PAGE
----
When police warn about bad heroin, users seek it out

Posted: March 14, 2014

HEROIN DOESN'T need much marketing, but nothing boosts sales better than a bad batch that's dropping bodies.

Dealers have put their own unique stamps and images on packets of heroin for a long time. Just yesterday in Philadelphia, police confiscated heroin called "Nighttime," "BMW" and "Ice Cream." There are also stamps representing basketball stars (LeBron James), houses of fashion (Prada), government agencies (USDA) and even comic-book characters.

" 'Incredible Hulk' is from right around the corner," an addict named Andrew, 35, said yesterday morning as he munched on an apple in north Camden.

Camden County Police Chief Scott Thomson realizes sober logic doesn't apply to addicts. That's why he didn't want to name the potentially fatal brand of heroin that caused at least 15 nonfatal overdoses in fewer than 24 hours this week. The department learned a lesson back in 2006, he said, when trying to warn the public about heroin laced with the powerful anesthetic fentanyl that was killing people.

"We released that information thinking it would have a deterrent effect, and what we found with operations out in the field was that it actually enhanced it," Thomson said yesterday. "Traffic was unbelievable, and since then we've made a policy not to release that information for public health reasons."

Thomson said initial testing has shown that this latest heroin is not laced with fentanyl, or much else for that matter.

"In the Philadelphia-Camden region, we have some of the purest heroin in the United States of America. The most recent DEA testing . . . had us at 92 percent purity," he said.

Users in Camden insisted they can handle it and acknowledged they would actively seek out batches authorities deem deadly, even if it they are laced with fentanyl.

"I haven't had anything that's good. I don't have that kind of money," said Andrew, a Moorestown, Burlington County, native who's been using in Camden for six months. "I can use up to eight bags."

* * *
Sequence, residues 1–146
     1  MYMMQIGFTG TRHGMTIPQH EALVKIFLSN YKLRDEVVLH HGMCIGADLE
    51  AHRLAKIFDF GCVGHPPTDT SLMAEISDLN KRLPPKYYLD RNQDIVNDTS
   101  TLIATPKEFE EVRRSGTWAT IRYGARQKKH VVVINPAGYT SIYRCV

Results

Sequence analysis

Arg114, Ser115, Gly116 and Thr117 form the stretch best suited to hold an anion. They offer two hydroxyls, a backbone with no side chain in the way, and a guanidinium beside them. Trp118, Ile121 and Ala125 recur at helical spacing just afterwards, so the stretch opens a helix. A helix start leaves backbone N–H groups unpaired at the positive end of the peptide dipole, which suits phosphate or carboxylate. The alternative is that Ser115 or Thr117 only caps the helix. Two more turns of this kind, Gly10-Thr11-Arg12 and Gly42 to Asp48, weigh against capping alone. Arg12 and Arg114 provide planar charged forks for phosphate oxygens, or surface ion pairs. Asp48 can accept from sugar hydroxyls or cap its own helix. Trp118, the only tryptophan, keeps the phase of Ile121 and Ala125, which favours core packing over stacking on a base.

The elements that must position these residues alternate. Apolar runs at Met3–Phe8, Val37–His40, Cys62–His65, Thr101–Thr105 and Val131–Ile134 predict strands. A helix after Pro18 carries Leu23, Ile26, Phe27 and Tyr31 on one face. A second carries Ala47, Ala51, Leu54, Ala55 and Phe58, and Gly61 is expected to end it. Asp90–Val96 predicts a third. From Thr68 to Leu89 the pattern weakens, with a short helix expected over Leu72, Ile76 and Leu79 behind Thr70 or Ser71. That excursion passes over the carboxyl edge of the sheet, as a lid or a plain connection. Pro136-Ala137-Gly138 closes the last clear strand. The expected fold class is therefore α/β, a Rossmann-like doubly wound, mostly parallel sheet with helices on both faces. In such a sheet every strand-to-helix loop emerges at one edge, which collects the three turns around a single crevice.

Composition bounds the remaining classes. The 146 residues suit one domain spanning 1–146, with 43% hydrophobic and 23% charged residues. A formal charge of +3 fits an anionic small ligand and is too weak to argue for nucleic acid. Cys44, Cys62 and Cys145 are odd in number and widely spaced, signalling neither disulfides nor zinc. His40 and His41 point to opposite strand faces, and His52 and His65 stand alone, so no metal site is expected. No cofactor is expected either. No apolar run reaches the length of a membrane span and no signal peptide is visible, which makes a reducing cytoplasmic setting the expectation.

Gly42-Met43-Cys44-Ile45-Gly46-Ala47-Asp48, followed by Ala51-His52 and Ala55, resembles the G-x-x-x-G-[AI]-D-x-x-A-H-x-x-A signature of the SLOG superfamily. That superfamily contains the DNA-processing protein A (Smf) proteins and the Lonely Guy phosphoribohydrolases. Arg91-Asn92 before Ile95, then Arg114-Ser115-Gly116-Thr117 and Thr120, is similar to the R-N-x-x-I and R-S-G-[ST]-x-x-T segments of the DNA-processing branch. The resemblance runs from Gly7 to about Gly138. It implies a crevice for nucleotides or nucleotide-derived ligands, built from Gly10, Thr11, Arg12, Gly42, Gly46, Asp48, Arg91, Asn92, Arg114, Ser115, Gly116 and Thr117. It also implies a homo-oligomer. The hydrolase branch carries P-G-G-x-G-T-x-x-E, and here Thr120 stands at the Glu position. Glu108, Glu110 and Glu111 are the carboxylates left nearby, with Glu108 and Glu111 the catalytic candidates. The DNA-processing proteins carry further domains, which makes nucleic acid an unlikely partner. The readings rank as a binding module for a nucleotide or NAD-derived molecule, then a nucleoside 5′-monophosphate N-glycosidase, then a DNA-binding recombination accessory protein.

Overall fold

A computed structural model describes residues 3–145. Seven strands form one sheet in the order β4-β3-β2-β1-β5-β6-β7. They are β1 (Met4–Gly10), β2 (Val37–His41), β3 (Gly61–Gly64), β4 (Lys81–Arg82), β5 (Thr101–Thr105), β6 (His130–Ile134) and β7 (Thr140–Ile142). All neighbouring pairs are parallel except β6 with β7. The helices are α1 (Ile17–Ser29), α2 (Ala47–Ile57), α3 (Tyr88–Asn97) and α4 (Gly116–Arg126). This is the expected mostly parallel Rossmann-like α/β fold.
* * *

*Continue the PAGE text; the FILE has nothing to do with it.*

Lt. Charles Jackson, of Philadelphia's Narcotics Unit, said users like to get close to that edge, chasing a bigger high.

"It seems like many of them think, 'Oh it's not going to happen to me.' Some of them want to feel that overdose or near-death experience," he said.

Outside a church on Stevens Street near Broadway in Camden, two Kensington natives said they'd already heard about the stamp that's putting people in the hospital in Camden.

"I think they're selling it in south [Camden]," said one man, 33.

Thomson said there's no rhyme or reason with heroin stamp names. Most are simple pop-culture or high-end-brand references, while others use slogans like "Nitro" to promote the potency.

The stamps on the heroin that killed actor Philip Seymour Hoffman were "Ace of Spades" and "Ace of Hearts."

With about 75 drug sets operating in Camden, there are dozens of brands being sold on any given day.

"It's everything from Gucci, Pokemon, Pac-Man, Smartface, White House, Bear, Get High. It's a brand," Thomson said. There's even a "Daily News" brand circulating.

Thomson, who saw someone waving down a car after an overdose Tuesday and stopped to help, said victims can be treated with Narcan, which can reverse the effects of an overdose.

Most users, he said, come to Camden from the suburbs. He'd like to think they've learned a lesson, but he knows it can take more than an overdose to break a habit.

"Nah, nobody's going to be scared of that stuff," the 33-year-old man said outside the church on Stevens Street. "It's more bang for the buck."

On Twitter: @JasonNark

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